Spanish centre-Right party Ciudadanos has asked the country’s government whether any of its aid money could have supported projects that offer anti-gay ‘conversion therapy’ overseas, following an openDemocracy investigation.
“What mechanisms does Spanish cooperation have in place to ensure that public resources are not used for these or other practices that are contrary to the most fundamental rights and freedoms?” party representatives also asked last week.
The Ciudadanos party, they added, “has always opposed such practices, which are not based on evidence and which cause so much damage to LGBT people simply because of social prejudice issues that do not let them be who they really are”.
During a six-month investigation, openDemocracy undercover reporters spoke to staff at health centres across Kenya, Tanzania and Uganda, who, between them, said that being gay is “evil”, “for whites” and a mental health problem.
The staff offered ‘treatment’ for same sex-attraction, including intensive counselling and recommendations to give a gay teenager sleeping pills to prevent masturbation and to try “exposure therapy” by hiring a young housemaid he can “get attracted” to.
The Ciudadanos party asked the Spanish government for written answers to questions about whether Spanish aid money could have also supported such activities – and what is being done to prevent that from happening.
‘Conversion therapy’ is used to describe a range of practices, from ‘talk therapy’ to physical ‘treatments’ including the use of hormones, which are intended to change, suppress or divert a person’s sexual orientation or gender identity.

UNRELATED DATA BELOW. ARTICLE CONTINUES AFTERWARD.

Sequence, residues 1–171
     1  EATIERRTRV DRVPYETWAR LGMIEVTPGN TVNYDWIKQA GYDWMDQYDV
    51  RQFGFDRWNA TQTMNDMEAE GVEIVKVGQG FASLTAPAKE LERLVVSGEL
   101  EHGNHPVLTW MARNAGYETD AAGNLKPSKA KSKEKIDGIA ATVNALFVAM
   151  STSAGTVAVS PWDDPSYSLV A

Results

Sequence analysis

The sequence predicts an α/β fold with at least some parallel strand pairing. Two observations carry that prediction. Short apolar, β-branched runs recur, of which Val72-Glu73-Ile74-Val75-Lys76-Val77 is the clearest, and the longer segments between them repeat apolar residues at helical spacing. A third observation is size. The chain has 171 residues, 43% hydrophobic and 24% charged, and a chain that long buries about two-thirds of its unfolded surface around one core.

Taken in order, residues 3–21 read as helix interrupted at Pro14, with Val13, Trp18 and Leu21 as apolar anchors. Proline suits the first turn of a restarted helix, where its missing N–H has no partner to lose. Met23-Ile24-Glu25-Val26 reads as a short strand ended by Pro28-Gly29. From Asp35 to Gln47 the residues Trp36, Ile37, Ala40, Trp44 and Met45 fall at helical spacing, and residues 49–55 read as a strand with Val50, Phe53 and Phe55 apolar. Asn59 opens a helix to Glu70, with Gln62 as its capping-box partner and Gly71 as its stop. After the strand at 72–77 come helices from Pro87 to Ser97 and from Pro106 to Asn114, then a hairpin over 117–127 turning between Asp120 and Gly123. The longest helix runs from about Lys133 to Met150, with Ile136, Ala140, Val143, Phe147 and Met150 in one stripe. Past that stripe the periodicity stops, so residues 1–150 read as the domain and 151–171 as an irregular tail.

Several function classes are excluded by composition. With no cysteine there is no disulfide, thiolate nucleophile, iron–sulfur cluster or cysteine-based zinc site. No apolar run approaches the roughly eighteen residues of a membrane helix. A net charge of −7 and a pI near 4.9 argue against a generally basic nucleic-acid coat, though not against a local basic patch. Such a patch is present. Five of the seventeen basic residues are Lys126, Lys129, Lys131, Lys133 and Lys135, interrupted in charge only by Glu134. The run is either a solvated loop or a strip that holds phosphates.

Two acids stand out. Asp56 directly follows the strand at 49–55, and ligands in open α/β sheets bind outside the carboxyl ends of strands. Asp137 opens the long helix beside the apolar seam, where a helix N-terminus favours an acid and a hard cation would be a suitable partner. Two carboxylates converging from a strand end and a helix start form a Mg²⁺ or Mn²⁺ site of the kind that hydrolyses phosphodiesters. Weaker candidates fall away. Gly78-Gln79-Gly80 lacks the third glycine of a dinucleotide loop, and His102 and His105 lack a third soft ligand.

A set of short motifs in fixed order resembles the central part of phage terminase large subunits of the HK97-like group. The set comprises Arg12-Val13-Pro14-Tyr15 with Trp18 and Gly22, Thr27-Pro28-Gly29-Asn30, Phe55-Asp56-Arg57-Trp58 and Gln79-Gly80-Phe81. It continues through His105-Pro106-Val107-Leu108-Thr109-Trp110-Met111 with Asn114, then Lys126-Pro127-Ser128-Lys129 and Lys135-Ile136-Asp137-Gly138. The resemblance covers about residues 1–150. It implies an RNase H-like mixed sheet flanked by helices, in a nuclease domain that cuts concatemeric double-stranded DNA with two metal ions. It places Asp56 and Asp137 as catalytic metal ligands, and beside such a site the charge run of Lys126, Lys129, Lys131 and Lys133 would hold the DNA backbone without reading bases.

Major NGOs that run clinics in Kenya and Tanzania also pledge action against ‘abhorrent’ practices to ‘change’ individuals’ sexual orientation
At an HIV clinic in Uganda that targets ‘most at risk’ populations, including gay men, a receptionist said “whoever wants to quit homosexuality, we connect them [to external counsellors]”, which have included a locally known anti-gay pastor.
This clinic has received money directly from USAID. A spokesperson for the US embassy in Kampala said the agency does not support ‘conversion therapy’ and that it “will investigate any report that a USAID funded partner is doing so”.
The Global Fund has also supported this clinic indirectly, through the Ugandan government and a local NGO. It told openDemocracy that it “takes seriously the matters raised” by our investigation’s findings and that it “will look into them”.
“We are grateful for all safeguarding concerns raised and thank openDemocracy for their investigation,” added a spokesperson for MSI Reproductive Choices. They said the NGO would also take “immediate action” against “this abhorrent practice”.
In Tanzania, a counsellor at the MSI clinic in Mwenge, Dar es Salaam, told our undercover reporters how “a timetable will be set, including the days that he [a gay relative] should visit the hospital, until, finally, you find he has changed.”
Spain has been a major contributor to the Global Fund. The country ceased its contributions to the agency in 2010, but in 2019 pledged €100m over three years.
Several European government aid agencies – but not Spain’s – are listed as donors in MSI Reproductive Choices’ 2019 annual report, including from the UK, Denmark, Finland, Netherland, Norway and Sweden.
12 July 2021 |
Khatondi Soita Wepukhulu
Survivors of anti-LGBT ‘treatments’ in Kenya, Tanzania and Uganda describe effects on their mental health, family relations and general well-being
‘Conversion therapy’ is not banned in Spain, but five autonomic communities (states) have prohibitions against it. A new bill (currently in draft stage), which has been proposed by the current progressive national government to “guarantee the rights of LGBT people”, includes a nationwide ban on these practices.
Human rights observers warn that homophobic attacks are on the rise in Spain. Earlier this month, a 24-year-old nursing assistant was beaten to death outside a nightclub in the north of the country, by a mob shouting homophobic slurs.
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